The more time I spend trying to be good at something I’m not interested in, the less time I spend developing what I am good at.
I remember a story I heard years ago about how inappropriate it is to judge an animal by focusing on skills that the creature does not possess:
– A fish is specialized to swim so its ability to climb a tree (or fly) is ludicrous.
So where do we go with this? Is it wrong to expect people to learn something they are not naturally good at? To me, no. I think we all need a foundation of reading, writing, arithmetic, and sports… but at a foundational level, not a specialized level. It’s not about becoming expert in the basics, you just need to have them.
We all have heard stories about kids who were terrible at school but went on to become successful or famous or influential or wealthy. They didn’t get hung up on the things they weren’t good at. A good foundation is all about fundamental skills. But these are not the things to become expert in! You then need to specialize in what you are naturally good at, talented in, passionate about.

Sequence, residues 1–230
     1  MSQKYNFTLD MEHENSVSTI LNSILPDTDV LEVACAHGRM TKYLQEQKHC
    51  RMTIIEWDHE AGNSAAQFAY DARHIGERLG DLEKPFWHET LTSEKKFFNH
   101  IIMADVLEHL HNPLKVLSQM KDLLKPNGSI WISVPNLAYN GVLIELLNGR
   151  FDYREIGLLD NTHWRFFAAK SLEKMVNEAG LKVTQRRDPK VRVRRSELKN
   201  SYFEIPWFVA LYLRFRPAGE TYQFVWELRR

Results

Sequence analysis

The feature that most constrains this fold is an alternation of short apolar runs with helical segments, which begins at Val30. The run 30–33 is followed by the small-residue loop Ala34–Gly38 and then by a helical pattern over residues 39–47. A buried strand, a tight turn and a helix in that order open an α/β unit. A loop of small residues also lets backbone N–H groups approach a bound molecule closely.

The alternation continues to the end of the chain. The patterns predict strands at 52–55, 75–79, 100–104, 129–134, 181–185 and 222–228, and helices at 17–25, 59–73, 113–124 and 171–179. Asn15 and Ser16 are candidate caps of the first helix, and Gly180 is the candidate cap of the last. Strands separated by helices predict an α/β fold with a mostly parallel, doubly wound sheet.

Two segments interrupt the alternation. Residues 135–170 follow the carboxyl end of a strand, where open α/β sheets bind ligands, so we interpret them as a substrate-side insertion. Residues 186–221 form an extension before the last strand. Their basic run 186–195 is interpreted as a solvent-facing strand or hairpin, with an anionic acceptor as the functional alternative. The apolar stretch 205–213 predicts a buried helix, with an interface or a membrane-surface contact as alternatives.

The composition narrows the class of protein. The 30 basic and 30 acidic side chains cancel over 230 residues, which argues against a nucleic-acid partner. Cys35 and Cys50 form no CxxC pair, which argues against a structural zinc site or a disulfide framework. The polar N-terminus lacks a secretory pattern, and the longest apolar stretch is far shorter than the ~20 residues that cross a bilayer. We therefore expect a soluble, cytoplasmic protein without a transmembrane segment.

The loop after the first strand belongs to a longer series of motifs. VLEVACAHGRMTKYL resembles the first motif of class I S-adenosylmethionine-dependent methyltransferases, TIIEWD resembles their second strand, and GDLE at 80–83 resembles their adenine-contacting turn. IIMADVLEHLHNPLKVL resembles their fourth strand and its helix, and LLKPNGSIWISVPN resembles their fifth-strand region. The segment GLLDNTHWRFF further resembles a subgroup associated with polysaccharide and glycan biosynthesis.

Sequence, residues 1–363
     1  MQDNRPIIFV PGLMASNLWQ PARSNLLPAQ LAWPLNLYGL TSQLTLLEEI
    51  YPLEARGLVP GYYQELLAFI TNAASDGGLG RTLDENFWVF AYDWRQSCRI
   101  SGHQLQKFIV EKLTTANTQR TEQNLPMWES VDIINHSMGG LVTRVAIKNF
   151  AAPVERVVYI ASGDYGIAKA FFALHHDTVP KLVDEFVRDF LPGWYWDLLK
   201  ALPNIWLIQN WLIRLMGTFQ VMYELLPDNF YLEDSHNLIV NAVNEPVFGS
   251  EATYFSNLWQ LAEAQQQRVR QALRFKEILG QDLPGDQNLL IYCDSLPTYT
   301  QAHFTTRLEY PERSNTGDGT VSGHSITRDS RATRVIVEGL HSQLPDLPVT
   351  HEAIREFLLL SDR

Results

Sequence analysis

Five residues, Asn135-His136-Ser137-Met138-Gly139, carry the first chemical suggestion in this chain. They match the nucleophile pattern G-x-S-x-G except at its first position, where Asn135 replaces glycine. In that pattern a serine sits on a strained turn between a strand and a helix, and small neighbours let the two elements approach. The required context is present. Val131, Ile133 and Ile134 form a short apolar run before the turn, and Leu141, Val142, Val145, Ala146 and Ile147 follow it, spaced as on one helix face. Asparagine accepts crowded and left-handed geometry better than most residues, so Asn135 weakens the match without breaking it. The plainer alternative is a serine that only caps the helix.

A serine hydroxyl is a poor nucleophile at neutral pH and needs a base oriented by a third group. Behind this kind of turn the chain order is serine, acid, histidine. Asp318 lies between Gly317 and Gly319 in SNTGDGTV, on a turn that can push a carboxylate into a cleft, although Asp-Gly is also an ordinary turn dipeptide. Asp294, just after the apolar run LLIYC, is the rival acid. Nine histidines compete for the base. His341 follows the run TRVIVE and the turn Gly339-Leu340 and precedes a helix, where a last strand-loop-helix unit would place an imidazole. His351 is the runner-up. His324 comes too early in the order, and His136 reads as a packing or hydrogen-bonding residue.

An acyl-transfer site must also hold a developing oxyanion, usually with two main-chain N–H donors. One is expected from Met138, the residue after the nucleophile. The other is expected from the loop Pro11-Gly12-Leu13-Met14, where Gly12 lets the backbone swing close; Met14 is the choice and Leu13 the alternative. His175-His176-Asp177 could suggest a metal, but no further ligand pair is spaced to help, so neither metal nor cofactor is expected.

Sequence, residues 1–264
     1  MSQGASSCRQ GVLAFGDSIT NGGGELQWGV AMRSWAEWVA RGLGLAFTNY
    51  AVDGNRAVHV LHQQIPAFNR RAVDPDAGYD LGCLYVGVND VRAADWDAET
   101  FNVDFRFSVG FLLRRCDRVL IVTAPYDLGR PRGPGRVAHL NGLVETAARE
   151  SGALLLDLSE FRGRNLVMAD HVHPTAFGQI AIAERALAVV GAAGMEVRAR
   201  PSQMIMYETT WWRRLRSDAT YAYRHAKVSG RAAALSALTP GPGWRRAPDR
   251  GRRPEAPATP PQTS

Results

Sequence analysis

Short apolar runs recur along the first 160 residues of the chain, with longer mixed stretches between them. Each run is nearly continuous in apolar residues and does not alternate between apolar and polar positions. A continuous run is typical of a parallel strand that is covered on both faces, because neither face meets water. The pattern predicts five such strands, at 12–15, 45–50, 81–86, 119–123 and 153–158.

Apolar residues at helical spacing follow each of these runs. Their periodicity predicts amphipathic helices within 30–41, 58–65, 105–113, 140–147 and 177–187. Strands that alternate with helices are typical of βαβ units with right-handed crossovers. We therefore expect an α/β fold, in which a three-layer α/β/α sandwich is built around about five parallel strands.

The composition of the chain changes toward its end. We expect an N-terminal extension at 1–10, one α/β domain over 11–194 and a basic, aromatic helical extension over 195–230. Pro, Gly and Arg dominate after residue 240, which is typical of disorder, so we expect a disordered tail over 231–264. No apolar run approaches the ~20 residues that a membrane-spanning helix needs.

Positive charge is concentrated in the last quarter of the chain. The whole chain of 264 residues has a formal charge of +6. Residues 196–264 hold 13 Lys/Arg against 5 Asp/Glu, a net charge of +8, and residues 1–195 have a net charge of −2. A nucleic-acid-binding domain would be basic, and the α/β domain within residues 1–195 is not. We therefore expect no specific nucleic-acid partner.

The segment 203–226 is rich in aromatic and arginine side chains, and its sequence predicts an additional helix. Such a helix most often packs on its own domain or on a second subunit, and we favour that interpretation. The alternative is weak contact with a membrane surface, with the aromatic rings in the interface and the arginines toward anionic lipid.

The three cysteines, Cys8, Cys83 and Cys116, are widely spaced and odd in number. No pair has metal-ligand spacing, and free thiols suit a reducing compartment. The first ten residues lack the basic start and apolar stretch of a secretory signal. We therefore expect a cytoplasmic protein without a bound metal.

Albert Einstein wrote, “Everybody is a genius. But if you judge a fish by its ability to climb a tree, it will live its whole life believing that it is stupid.” The question I have for you at this point of our journey together is, “What is your genius?”
In 1974 an interview with the famous modern dancer and choreographer Martha Graham was published in which she credited a remark about the ubiquity of genius to a noted composer: 11
Edgar Varese, the composer, said, “Martha, everyone is born with genius, but some people only keep it for a few minutes.” That is the demand – to keep it!
Here’s more to read on this story if you’re curious: